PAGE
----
Lady With A Sword (1971)

Directed by
Stands out from the crowd
Reviewed by Simon on 2021-08-23

The head of a security bureau is killed by bandits, so his wife and son travel to his parents home to ask them to seek vengeance for him. They have almost arrived when they are themselves attacked by thieves and the mother is killed when she resists being raped by them. The son manages to escape and reach his grandparents' place, where he tells his aunt Fei-Fei about his ordeals. He describes the villains and what he overheard of their plans, so she grabs her sword and heads out to avenge her sister's murder. When she tracks the culprits down she discovers a personal connection that complicates the situation.

LADY WITH A SWORD was directed by Kao Pao-Shu, a veteran actress who had appeared in about 100 films over the previous 20 years and served as assistant director on a couple. I believe it was the first time Shaw Brothers employed a female director, so she must have felt a lot of pressure to prove herself, which is perhaps reflected in the film's ambition.

The story is more emotionally complex than many of the wuxia churned out in this period, with a plot that involves multiple factions and conflicting loyalties, woven around a strong central performance by Lily Ho as... actually one of several ladies with swords, now I think about it. The plot reveals its facets methodically, via a series of twists and reversals.

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Female-centric wuxia were common in this era, but it does feel like this film presents a more authentic female perspective than those from male directors. Apparently making it was not a great experience for Kao Pao-Shu though, as she parted ways with Shaw Brothers after directing this film and set up her own production company in Taiwan, where she would direct another 10 films over the next decade. Unfortunately it seems likely most of these are now lost.

Despite being a short film (just 84 minutes on DVD) it packs a lot in, and is action-packed considering the richness of the story, with numerous fight scenes throughout and a lengthy climactic battle. The choreography is surprisingly progressive, featuring camera work and editing that seems years ahead of its time. Co-choreographer Hsu Erh-Niu is one of the unsung heroes of this era, responsible for many of the most innovative action scenes such as the terrific work in The Black Tavern and Intimate Confessions of a Chinese Courtesan.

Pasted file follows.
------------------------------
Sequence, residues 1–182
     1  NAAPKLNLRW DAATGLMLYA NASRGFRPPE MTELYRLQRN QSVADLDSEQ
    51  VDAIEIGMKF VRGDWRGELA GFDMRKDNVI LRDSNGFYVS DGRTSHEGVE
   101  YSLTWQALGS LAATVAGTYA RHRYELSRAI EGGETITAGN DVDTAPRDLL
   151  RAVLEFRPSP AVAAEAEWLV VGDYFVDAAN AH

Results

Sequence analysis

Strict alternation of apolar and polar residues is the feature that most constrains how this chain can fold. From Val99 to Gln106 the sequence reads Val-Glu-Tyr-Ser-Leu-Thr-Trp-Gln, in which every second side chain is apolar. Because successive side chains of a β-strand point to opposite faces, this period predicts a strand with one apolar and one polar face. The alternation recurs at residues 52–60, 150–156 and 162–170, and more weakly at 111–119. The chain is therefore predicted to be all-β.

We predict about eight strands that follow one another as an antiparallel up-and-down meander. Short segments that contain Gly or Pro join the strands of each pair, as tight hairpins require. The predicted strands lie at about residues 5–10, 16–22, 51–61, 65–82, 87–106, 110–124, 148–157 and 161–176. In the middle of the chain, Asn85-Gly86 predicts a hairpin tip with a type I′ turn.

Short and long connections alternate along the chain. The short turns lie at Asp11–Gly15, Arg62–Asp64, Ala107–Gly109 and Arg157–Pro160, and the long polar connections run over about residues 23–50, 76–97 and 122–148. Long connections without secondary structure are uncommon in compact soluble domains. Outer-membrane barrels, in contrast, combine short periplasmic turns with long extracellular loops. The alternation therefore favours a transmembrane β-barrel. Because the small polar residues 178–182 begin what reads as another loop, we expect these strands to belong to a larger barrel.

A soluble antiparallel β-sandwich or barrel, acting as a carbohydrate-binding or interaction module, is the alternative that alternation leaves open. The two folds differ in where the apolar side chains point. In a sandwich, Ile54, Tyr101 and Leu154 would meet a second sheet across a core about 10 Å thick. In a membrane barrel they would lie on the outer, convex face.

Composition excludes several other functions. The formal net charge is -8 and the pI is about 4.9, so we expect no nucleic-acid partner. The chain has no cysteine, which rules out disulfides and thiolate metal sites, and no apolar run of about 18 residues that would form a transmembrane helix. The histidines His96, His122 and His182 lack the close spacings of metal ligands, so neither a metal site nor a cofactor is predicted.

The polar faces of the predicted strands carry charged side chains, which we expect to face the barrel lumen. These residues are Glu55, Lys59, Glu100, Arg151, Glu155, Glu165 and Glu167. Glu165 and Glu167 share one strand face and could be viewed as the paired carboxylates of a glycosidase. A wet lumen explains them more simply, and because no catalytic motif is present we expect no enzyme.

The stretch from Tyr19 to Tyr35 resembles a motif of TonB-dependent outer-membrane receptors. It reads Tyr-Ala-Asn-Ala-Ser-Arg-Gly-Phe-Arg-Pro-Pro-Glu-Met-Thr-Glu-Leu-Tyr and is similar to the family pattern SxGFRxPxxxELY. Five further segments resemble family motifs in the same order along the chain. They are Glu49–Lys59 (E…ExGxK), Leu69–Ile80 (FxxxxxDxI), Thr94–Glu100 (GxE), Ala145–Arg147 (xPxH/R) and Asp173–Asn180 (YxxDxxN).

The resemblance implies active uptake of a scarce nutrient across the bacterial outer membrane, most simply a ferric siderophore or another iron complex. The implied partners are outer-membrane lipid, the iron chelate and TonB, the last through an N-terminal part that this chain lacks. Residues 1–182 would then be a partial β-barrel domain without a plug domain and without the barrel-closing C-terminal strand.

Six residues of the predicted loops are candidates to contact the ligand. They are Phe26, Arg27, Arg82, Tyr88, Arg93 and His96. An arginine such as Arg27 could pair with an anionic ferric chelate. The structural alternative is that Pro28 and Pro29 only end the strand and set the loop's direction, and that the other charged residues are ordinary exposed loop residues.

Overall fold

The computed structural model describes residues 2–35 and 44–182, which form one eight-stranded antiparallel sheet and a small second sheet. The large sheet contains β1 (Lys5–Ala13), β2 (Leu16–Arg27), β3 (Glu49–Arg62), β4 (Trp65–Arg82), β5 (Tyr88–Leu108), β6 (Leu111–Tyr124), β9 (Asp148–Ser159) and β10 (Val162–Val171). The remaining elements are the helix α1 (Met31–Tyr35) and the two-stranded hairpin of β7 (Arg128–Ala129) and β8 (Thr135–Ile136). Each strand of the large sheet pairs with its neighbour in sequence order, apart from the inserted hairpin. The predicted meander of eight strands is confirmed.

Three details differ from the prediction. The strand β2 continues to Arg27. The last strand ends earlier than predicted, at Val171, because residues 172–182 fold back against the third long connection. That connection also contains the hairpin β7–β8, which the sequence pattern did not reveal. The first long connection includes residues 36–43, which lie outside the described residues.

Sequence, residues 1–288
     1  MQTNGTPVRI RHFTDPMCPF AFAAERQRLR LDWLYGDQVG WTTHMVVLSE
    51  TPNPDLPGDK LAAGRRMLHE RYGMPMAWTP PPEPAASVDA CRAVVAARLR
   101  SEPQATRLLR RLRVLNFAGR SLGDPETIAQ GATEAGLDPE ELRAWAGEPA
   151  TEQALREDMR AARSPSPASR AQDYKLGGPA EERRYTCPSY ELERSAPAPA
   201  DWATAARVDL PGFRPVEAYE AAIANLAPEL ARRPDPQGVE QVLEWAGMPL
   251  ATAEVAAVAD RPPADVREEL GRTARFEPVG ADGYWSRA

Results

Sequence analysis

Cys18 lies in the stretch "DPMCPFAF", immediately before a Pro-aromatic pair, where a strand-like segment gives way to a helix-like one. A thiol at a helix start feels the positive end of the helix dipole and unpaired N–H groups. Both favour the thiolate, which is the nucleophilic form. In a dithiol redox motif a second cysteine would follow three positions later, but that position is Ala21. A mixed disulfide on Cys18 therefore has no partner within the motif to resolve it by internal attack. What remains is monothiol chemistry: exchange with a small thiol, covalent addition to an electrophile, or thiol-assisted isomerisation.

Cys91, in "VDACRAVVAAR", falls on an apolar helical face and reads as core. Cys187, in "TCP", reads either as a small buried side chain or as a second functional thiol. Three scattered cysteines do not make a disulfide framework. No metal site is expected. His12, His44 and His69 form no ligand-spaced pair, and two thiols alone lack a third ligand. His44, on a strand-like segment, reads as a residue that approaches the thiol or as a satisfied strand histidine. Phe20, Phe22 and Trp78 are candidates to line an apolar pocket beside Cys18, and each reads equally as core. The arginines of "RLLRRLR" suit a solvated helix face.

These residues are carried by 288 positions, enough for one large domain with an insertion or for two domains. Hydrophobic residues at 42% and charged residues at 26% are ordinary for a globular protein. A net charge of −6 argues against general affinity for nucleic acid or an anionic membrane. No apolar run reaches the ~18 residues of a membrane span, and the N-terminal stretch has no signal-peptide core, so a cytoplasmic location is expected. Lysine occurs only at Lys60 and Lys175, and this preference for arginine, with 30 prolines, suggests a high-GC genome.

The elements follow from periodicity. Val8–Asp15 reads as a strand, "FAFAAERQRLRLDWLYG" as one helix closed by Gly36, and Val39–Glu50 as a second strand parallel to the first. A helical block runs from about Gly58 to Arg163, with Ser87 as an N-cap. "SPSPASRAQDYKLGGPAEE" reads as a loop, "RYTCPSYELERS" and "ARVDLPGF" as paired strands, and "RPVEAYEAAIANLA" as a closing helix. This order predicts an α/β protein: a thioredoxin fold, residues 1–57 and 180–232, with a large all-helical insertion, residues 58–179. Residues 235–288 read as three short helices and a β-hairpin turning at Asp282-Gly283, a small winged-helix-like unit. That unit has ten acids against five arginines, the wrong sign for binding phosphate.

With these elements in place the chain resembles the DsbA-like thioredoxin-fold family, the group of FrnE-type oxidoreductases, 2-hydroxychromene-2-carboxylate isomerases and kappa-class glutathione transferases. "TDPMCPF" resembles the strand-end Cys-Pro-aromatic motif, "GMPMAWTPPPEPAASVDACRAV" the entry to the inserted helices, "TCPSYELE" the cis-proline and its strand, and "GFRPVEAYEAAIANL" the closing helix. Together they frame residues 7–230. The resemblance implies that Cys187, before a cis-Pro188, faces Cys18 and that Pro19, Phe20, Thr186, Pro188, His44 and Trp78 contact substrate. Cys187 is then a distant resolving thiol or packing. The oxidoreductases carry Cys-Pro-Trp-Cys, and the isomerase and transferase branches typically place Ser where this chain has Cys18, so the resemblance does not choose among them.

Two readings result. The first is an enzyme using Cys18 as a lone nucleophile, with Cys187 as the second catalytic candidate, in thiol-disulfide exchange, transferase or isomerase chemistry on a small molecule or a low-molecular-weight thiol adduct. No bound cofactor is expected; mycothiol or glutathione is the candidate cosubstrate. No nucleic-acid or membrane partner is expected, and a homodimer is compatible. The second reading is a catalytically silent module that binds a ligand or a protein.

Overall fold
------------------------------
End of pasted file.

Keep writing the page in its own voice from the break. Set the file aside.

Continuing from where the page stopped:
There's some wirework but more reliance on trampolines and editing to produce the high flying wuxia moves. The construction of fight choreography via creative edits is reminiscent of the pioneering work Ching Siu-Tung would do a decade later, but it's mixed in amongst longer takes and more traditionally choreographed sequences. It must be admitted that there is some heavy undercranking at times, which looks conspicuous to our modern eyes, though it's not as cartoonish as it would get in certain 90's films.

We also get a great "kung fu kid" performance by Meng Yuen-Man, one of the less well known members of the Seven Little Fortunes, who proves to be just as acrobatic as more famous members like Yuen Biao and Jackie Chan and quite game for being thrown around the set. I'm surprised he didn't become a bigger star.

LADY WITH A SWORD is above average in most respects, and is fine-looking despite probably having a small budget compared to films by more established (and male) directors. There's more vision and artistry in Kao Pao-Shu's direction than Lo Wei ever mustered, and it's a shame Shaw Brothers didn't offer whatever it would have taken to keep her on the team - I'm sure she'd have been an influential force on the development of the wuxia genre.

Crew

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